Also in use or being developed are connected and autonomous plant, off-site fabrication and modular construction methods.

Digital roads

As well as reducing disruption for drivers, these steps will reduce the associated carbon emissions by around 50 per cent and help to meet the target of zero injuries or deaths on the network by 2040.

The Digital Roads vision for the strategic road network supports the Government’s ambition of ‘the UK being a world leader in shaping the future of transport’ and supporting Britain’s growth. For example, digital design and construction could reduce scheme delivery times by up to 50 per cent.

Roads Minister Baroness Vere said:

“From digital road models that can predict where maintenance is needed on the real-life road network, to self-repairing road surfaces, and automated cone laying machines, we’re committed to keeping the UK at the forefront of technological developments.

“I’m therefore delighted that National Highways’ vision reflects this, benefitting road users for many years to come with greener, smoother, safer journeys.”

How the network is operated is becoming more automated and data driven. The use of technology enables National Highways to pre-empt situations rather than just responding to them. For example, sensor technology will forecast traffic levels, weather and environmental conditions enabling us to pre-emptively prepare and respond to situations.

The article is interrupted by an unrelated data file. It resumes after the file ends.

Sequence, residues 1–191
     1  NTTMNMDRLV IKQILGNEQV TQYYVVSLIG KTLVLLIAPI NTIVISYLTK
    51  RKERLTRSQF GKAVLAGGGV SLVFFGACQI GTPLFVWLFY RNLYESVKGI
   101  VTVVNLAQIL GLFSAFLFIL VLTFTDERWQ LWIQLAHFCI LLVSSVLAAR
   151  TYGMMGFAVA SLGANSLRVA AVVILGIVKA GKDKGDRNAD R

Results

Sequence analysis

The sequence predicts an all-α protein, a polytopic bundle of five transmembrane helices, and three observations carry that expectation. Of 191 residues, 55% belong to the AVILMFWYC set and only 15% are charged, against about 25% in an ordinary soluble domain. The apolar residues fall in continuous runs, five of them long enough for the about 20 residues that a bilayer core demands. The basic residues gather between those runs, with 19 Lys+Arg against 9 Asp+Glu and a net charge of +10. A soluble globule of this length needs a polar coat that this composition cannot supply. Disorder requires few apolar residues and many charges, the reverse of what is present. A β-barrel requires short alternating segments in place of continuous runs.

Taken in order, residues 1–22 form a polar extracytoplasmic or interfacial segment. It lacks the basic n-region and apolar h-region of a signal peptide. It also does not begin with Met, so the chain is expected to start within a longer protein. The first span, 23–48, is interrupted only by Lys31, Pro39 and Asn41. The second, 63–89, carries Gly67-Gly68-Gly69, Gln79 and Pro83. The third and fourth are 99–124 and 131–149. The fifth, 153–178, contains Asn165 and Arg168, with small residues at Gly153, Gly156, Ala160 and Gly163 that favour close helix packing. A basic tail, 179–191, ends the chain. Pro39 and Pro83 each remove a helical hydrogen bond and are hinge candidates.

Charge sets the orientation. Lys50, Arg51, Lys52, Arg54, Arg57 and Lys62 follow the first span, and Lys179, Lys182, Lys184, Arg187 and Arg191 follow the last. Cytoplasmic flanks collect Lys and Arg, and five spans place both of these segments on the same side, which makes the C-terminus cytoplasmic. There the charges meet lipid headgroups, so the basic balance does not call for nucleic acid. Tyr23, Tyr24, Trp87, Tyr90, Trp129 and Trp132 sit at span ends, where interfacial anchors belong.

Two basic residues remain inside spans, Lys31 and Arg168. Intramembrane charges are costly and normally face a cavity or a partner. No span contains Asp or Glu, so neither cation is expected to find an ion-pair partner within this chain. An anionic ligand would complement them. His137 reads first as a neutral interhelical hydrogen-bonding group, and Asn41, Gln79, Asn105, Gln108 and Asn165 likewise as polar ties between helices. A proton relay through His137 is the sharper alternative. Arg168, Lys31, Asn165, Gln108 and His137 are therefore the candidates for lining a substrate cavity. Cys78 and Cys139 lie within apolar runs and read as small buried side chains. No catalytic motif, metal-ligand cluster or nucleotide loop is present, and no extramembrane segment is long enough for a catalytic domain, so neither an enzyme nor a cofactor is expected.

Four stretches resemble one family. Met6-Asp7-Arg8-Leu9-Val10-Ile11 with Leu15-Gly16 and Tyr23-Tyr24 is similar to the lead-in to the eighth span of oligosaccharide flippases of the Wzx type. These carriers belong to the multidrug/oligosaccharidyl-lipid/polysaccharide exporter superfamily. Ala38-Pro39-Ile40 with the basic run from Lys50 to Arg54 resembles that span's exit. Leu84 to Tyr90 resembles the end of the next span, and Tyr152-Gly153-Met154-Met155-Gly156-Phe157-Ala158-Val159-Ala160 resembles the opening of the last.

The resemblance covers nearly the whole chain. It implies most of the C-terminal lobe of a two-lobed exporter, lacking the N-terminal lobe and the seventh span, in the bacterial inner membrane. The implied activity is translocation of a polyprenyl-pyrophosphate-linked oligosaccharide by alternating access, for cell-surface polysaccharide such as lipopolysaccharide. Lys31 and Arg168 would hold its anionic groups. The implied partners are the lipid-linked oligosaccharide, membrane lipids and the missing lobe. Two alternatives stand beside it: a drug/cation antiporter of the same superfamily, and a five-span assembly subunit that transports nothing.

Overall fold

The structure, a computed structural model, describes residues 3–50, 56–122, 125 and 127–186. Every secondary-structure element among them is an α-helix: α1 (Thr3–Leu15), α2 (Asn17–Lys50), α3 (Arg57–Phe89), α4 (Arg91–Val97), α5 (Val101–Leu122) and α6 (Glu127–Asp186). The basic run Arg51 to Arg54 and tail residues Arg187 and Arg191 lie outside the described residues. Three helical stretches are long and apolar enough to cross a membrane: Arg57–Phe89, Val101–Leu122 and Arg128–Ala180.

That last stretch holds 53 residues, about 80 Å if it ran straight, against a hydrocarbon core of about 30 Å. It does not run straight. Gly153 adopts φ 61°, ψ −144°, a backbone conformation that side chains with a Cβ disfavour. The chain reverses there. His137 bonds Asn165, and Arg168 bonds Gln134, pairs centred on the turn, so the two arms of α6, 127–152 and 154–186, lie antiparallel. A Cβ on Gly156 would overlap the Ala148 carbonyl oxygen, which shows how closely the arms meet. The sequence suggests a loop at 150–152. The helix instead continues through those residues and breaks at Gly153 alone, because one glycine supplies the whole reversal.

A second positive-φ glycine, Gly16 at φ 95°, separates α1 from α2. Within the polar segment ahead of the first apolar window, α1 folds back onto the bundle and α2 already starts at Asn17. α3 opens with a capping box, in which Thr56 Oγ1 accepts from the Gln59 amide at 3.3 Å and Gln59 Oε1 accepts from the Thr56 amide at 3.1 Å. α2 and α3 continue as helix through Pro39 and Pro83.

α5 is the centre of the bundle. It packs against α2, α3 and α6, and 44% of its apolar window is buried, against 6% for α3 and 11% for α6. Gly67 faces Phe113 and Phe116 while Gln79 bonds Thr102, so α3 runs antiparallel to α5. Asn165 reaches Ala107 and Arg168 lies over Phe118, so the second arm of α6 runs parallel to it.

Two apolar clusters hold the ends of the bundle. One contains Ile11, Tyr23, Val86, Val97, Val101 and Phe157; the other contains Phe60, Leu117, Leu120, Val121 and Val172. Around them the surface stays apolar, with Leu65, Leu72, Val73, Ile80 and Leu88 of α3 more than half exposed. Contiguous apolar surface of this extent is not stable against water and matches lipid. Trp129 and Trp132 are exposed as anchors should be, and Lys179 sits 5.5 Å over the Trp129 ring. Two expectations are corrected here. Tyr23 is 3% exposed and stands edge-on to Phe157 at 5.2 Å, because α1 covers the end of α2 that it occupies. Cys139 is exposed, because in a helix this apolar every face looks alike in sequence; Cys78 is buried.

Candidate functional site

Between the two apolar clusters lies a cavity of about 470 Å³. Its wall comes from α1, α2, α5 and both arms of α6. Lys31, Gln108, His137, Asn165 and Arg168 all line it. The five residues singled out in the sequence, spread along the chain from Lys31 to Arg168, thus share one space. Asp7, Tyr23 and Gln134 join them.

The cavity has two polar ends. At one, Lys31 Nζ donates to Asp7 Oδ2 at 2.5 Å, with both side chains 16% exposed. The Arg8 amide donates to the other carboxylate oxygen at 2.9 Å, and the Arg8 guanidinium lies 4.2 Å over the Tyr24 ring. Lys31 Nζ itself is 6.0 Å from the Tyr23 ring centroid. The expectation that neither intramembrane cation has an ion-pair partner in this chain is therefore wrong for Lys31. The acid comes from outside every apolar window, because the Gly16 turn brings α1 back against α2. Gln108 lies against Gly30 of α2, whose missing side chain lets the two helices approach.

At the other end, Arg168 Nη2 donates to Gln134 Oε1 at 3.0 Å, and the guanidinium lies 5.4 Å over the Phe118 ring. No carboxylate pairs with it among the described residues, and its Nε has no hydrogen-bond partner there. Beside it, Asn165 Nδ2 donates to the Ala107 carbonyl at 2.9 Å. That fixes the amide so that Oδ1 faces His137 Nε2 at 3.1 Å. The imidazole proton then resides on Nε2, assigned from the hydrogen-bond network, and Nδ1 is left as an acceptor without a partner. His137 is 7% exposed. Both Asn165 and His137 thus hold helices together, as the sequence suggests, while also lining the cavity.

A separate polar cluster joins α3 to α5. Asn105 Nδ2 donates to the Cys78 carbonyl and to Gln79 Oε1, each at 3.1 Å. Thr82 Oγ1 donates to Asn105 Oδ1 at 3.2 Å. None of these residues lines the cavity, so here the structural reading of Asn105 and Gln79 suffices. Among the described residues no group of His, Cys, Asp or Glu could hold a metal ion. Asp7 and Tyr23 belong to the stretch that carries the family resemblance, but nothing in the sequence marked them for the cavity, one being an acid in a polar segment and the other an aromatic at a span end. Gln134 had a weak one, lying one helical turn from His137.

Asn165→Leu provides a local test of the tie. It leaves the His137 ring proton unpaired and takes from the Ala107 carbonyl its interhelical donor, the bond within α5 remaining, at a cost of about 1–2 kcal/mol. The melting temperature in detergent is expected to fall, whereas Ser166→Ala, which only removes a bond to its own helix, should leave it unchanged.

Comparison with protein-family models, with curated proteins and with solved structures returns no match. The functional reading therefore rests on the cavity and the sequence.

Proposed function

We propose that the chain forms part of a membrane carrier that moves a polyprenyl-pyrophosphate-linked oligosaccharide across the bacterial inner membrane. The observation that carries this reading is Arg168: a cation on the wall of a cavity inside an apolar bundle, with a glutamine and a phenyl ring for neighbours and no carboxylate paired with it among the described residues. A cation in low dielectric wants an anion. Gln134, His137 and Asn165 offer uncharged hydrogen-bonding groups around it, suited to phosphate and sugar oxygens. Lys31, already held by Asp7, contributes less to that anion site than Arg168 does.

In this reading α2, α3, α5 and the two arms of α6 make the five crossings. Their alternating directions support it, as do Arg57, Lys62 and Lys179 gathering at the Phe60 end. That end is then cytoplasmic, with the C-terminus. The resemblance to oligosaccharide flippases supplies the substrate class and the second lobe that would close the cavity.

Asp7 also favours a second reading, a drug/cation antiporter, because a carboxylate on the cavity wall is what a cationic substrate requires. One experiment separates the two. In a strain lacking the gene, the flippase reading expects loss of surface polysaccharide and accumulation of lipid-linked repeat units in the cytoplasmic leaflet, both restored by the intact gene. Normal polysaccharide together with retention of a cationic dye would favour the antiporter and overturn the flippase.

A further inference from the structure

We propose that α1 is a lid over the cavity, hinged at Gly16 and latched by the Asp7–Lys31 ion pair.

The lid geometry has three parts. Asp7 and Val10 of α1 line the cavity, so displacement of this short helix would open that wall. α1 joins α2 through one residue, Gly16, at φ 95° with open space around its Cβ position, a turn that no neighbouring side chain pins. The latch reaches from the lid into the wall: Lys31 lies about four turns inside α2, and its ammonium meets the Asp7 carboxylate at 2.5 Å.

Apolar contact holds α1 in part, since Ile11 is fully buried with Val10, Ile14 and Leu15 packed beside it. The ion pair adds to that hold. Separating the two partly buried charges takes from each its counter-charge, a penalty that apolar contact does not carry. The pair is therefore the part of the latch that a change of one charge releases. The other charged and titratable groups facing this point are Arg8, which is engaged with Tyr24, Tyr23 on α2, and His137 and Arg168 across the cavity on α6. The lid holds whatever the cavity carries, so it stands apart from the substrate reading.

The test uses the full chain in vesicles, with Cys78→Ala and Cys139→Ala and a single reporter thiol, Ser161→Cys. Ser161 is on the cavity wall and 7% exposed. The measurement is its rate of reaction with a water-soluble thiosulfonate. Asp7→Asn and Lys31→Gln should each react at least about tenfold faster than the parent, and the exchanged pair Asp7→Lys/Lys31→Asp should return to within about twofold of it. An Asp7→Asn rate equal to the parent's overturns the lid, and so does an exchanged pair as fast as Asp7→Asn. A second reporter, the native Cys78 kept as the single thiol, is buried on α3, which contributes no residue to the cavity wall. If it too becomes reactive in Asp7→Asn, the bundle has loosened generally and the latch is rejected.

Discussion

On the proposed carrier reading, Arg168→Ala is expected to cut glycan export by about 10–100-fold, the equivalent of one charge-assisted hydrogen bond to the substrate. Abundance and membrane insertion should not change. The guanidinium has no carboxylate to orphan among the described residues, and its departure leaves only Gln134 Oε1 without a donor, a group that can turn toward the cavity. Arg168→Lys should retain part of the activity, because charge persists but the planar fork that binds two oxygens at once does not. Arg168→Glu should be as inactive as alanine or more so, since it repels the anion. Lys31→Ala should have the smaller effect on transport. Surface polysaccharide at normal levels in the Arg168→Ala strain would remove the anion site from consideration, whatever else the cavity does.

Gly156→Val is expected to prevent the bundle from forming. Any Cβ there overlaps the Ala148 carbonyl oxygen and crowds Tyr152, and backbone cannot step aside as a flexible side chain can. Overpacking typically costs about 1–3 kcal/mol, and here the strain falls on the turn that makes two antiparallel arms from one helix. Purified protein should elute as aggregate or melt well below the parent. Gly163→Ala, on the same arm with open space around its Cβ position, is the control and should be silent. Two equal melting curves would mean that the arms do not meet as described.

Communication with drivers is improving, ensuring that accurate information is available to help plan journeys through their preferred digital channels. Longer term, the deployment of connected and autonomous vehicles is expected to drastically improve traffic flow and reduce incidents by up to 90 per cent.

Ian Patey, Immediate Past-Chair of ITS (UK), said:

“National Highways’ vision for Digital Roads will transform road transport in the UK; harnessing technology to create greener, safer, more inclusive and more reliable mobility – the embodiment of an Intelligent Transport System.”

Visitors to the new website will be able to enter a ‘virtual learning environment’ with additional information about how National Highways will deliver its vision and the impact on road users, employees and companies in the supply chain.

Caption: An image from the Digital Roads video showing how digital technology can enable more efficient design and planning by integrating digitised design standards, tools and digital twins

The vision for Digital Roads also goes beyond 2025 and looks forward to 2050 and beyond. Freight platooning, personalised in-vehicle messaging as well as vehicles sharing data, and decluttered roads free from signage – these are some of the ambitions for the roads of the future.

National Highways recognises that realising the vision will rely on the continued support of the supply chain and stakeholders. We are preparing to launch a Digital Roads innovation competition later in the year looking for fresh ideas and involvement.

This will be funded through the Innovation and Modernisation designated fund. For more details about the National Highways Innovation and Research strategy visit here.

To visit the Digital Roads website click here:

* A government-owned company charged with operating, maintaining and improving motorways and major A roads in England, and setting highways standards for the UK